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Monday, December 28, 2015

Homegrown Zucchini Lasagna


I'm finally back!  I've been meaning to post something for a while now, but between work, school, a toddler, cooking, and life, I haven't had much spare time for anything.  The great news is that the semester is over, and I passed my classes (as if not passing was ever a possibility ;)).  Hopefully, I only have one semester to go before I get my English Language Arts endorsement.  Then, I can teach full time.  Yay!!

In the midst of all the crazy stuff happening, the harvest from the garden came in.  I was super excited for it this year because my daughter was recently diagnosed with an allergy to the arsenic found in pesticides.  Additionally, because we live in Murray next to what used to be an old smelter and refinery site back in the early 1900's, the ground also has a higher arsenic content than it normally would (Thank you previous generations).  Needless to say, my daughter's eczema has been out of control all summer long with arsenic being the main culprit in a long list of other environmental culprits.  An abundant supply of pesticide-free food was just what I needed.  We got tons of carrots, zucchini, tomatoes, onions, garlic, and peppers.  My grandmother even gifted her entire vine of concord grapes to me, which I used to make grape juice.  My daughter loved the gardening experience, especially pulling the carrots right up out of the ground and eating them.  I already have a list of food to plant next year including artichokes and pomegranates in addition to more of what we planted this year.  Got to keep that no-spray produce coming!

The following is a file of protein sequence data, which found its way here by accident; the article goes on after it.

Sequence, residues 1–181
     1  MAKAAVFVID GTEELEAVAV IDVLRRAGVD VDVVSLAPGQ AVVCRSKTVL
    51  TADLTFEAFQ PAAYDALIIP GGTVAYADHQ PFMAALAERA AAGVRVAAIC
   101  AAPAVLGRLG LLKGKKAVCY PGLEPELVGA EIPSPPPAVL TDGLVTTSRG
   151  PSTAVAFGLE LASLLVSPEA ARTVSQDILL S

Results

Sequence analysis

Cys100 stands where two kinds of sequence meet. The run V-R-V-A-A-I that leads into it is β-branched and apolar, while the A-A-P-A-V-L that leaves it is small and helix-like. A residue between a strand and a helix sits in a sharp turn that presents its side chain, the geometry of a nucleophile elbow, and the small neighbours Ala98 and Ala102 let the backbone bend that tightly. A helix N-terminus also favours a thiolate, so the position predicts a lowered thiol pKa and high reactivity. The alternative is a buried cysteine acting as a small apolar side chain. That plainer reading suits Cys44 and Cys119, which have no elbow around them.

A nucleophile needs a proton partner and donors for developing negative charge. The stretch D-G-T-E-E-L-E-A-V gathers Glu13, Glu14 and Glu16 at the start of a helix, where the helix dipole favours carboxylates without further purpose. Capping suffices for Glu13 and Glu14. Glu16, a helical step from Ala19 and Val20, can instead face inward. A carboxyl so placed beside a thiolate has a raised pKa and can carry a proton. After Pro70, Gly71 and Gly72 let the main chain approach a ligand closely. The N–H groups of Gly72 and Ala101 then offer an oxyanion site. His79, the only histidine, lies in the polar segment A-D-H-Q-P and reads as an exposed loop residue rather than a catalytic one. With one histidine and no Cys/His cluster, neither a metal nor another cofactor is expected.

We don't have much freezer space at our house, and although we loaded up my grandma's freezer with fresh produce, we still had a ridiculous amount of zucchini left over.  When my daughter got sick of it, I had to come up with more creative ways to use it.  I did try to hide it in a few things (muffins, bread, meatballs, etc.), but I still had a ton.  I had gotten a paleo book from the library that had a recipe for raw zucchini lasagna in it, and decided to try it.  After all, I had practically everything I needed growing in my back yard.  I had seen recipes for zucchini lasagna before, but had never even considered making it.  Pre-allergy era, I made a mean lasagna.  Several people had told me that it was the best lasagna they'd ever had.  It was one of the foods, that I actually mourned it's loss when I found out that pretty much everything in it was on the do not eat list.  I also mourned nachos and French toast, but not like I mourned lasagna.  Any descent Mexican restaurant in town serves amazing nachos, and French toast was never one of my favorite breakfast foods, so I only miss it occasionally.  It's next to impossible to find good lasagna though.  Even the best Italian restaurant falls short of making a good lasagna, and almost all of them are loaded with meat, which just doesn't appeal to me. I really wanted lasagna back, and even though I'm no longer breastfeeding and can eat anything I want, I still had all of this zucchini sitting on the kitchen table waiting to be eaten.  The paleo lasagna out of the cookbook was actually really good.  I made it a few times, and then decided to try making it using my old lasagna recipe as the baseline.  It isn't allergy friendly for my daughter, but 2/3 of the ingredients came right out of my garden.  I figure I can't be the only person with too much zucchini and not enough freezer space, so here it is, my homegrown zucchini lasagna that tastes every bit as good as my original recipe.  It's guaranteed to help you use up all of that extra zucchini.  As a bonus, I also get to show off the fine China that was gifted to me by a friend in Virginia.  It's been in a box ever since I moved back, and I was delighted for an opportunity to show it off.